Another aspect resulting from this paper would refer to ASEAN HEIs deriving income from waste marketing. Furthermore, recoverable wastes in HEIs may not only be marketed nationally, but internationally as well. It is projected that cross-border market for recyclable materials in Asia will expand. The cross-border movement of recyclable materials in Asia, including ASEAN, presents opportunities to develop a sound material-cycle society in the region (Hashi and Mori, 2005). As the year 2015 approaches, possibilities may exist for HEIs to market their recoverable materials nationally, and also to their ASEAN neighbors. The possibility of ASEAN HEIs recovering and marketing recyclable materials is very high, as shown in the abovementioned Philippine case.

In relation to HEIs in ASEAN marketing, their recoverable waste is an ambitious plan set to be in motion by the year 2015. As a result of the 14th ASEAN Summit in Thailand in 2009, a higher-education  cluster involving 6500 HEIs and 12 million students in ten countries of ASEAN by the year 2015 is planned (Iskandar, n.d, ASEAN Secretariat, 2009).

Because this paper has only presented a case in the Philippines, the body of knowledge concerning the material recovery potential and markets in ASEAN is not very comprehensive. Various factors concerning solid wastes in HEIs still need consideration and analysis. The concept of building a database of related researches regarding this aspect not only important for documentation purposes, but also for identifying practices that can help HEIs improve waste recovery and its marketing systems. Collaboration among ASEAN HEIs would also surely be more pronounced in 2015, as such, a country with “valuable knowledge economy” regarding waste recovery and its marketing systems do not only help that particular country, but the whole ASEAN as well. ASEAN HEIs can start researches similar to the case presented in this paper in order to build related literature, as well as to prepare for a future community of ASEAN HEIs in 2015.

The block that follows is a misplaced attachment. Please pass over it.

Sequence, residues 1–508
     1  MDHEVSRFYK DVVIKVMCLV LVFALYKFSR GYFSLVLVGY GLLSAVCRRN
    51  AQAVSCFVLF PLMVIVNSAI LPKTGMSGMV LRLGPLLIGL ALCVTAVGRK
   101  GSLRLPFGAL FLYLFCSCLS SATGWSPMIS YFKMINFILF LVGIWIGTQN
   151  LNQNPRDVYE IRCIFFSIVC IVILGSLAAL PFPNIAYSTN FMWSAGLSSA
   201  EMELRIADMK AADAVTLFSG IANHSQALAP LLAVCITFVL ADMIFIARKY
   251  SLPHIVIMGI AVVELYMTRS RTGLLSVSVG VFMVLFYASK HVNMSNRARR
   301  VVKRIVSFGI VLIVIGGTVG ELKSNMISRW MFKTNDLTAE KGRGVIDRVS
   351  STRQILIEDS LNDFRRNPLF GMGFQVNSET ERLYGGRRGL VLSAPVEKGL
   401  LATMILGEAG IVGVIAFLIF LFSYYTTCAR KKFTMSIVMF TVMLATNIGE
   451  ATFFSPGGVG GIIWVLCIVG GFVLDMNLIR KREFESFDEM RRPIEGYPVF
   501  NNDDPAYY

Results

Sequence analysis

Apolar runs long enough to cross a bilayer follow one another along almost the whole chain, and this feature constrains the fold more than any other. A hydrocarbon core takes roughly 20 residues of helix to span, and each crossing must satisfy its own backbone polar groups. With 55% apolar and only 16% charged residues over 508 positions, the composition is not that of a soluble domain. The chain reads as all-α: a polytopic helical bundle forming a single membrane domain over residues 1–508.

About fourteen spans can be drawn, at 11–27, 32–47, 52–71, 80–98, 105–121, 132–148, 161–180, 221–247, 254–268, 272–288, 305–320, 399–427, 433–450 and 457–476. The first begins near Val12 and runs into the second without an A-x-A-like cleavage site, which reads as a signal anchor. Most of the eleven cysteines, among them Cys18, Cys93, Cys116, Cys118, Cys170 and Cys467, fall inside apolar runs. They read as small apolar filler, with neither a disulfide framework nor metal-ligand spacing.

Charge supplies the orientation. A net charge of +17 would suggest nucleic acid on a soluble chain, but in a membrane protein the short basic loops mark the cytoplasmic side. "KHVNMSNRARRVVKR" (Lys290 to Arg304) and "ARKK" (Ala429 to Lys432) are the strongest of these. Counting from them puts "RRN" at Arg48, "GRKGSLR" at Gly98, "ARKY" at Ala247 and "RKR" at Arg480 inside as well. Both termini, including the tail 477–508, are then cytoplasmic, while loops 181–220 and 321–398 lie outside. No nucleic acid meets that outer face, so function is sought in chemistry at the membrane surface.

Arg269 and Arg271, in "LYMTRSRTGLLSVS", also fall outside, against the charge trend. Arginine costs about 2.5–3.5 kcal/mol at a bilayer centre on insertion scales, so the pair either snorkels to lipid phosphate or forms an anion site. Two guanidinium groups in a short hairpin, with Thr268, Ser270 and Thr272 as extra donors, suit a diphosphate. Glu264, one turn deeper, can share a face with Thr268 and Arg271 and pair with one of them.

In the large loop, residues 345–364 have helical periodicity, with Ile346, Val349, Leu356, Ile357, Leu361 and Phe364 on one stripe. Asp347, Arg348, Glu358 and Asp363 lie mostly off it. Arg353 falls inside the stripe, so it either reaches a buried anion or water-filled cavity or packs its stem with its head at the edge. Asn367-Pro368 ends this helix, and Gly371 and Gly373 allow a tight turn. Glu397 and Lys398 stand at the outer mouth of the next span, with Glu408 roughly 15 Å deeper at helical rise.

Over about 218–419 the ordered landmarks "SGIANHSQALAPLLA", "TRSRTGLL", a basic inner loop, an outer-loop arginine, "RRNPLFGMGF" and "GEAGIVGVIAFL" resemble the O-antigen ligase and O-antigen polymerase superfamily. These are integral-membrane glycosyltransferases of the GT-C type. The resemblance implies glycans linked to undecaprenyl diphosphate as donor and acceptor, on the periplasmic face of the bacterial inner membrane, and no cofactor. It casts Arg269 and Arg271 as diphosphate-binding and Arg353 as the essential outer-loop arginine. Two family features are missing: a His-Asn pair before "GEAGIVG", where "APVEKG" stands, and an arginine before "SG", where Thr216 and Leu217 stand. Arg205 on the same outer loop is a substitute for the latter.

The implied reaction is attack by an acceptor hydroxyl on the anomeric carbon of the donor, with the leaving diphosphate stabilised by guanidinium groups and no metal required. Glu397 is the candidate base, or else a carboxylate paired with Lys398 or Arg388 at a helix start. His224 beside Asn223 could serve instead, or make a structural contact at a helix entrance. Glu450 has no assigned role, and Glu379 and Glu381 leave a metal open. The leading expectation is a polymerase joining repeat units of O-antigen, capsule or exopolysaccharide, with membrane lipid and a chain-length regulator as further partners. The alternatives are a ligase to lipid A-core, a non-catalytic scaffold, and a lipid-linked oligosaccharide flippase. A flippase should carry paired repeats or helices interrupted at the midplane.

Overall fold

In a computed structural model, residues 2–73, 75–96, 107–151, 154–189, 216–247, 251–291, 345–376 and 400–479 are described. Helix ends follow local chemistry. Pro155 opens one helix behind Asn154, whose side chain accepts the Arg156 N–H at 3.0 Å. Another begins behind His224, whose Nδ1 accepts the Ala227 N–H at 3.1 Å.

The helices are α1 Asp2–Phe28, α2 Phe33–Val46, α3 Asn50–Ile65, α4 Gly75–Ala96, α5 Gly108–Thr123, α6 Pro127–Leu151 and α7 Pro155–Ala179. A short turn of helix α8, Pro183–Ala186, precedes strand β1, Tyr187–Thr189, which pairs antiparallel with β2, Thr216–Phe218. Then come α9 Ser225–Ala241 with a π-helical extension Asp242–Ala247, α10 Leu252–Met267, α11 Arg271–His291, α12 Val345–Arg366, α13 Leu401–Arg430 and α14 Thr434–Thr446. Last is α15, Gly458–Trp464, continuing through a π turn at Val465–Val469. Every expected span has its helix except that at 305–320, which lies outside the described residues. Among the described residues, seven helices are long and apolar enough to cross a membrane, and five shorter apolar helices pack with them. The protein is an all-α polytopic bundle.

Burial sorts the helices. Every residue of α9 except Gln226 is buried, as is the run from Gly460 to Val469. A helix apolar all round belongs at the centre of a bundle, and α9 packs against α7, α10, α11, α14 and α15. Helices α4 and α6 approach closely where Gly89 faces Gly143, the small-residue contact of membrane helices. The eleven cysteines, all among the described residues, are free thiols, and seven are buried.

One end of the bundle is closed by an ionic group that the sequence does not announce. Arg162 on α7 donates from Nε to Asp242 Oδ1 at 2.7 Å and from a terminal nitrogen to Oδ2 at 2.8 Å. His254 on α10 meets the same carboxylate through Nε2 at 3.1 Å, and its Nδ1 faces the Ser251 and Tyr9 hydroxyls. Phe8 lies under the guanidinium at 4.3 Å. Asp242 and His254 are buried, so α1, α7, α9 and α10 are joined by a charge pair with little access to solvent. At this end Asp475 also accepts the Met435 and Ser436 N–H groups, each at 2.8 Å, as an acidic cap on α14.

It has been stated in this paper that the case of recoverable materials in the three HEIs is high and that markets are present to recover these materials. However, related researches are highly needed to cross-validate facts as well as to formulate efficient plans for waste marketing and recovery. Waste analysis in HEIs is one important area of research as direct analysis and characterization of solid wastes provide data for waste reduction, reuse, recycling and composting opportunities (Thompson and Wilson; Thompson and van Bakel; as cited in Smythe et al., 2010). Furthermore, determining the type and volume of generated wastes allow planners to design applicable waste treatment and disposal strategies, allocate necessary resources for managing solid wastes and implement appropriate SWM systems (Yousuf and Rahman, 2007; Nilanthi et al., 2007; ‘What a Waste,’ 2009).

Aside from waste characterization studies, data are still needed to solidify the case of marketing recoverable wastes in HEIs of the ASEAN region. The role of HEIs as institutions of research is emphasized, and that collaborative efforts are needed if the goal of a sustainable and green HEI would be achieved. It is imperative for researchers in ASEAN to boost SWM researches in HEIs to anticipate related problems in preparation for green HEIs in the ASEAN community by 2015.

Colleges and universities can recover almost all of their wastes, as presented in the case of three HEIs in the Philippines. As such, ASEAN educational institutions should act the soonest time possible to efficiently manage their solid wastes. Recovering solid wastes not only reduce the quantity of wastes disposed in landfills, or promote a sense of environmental responsibility, but most importantly, it allows various educational institutions in ASEAN to grow and develop in a sustainable manner. HEI operation should be similar to how green industries operate, and HEIs in ASEAN can greatly reduce their waste output and create a waste-based economy. This mechanism not only promotes SD in ASEAN, but also contributes to achieving various sustainability-related goals worldwide.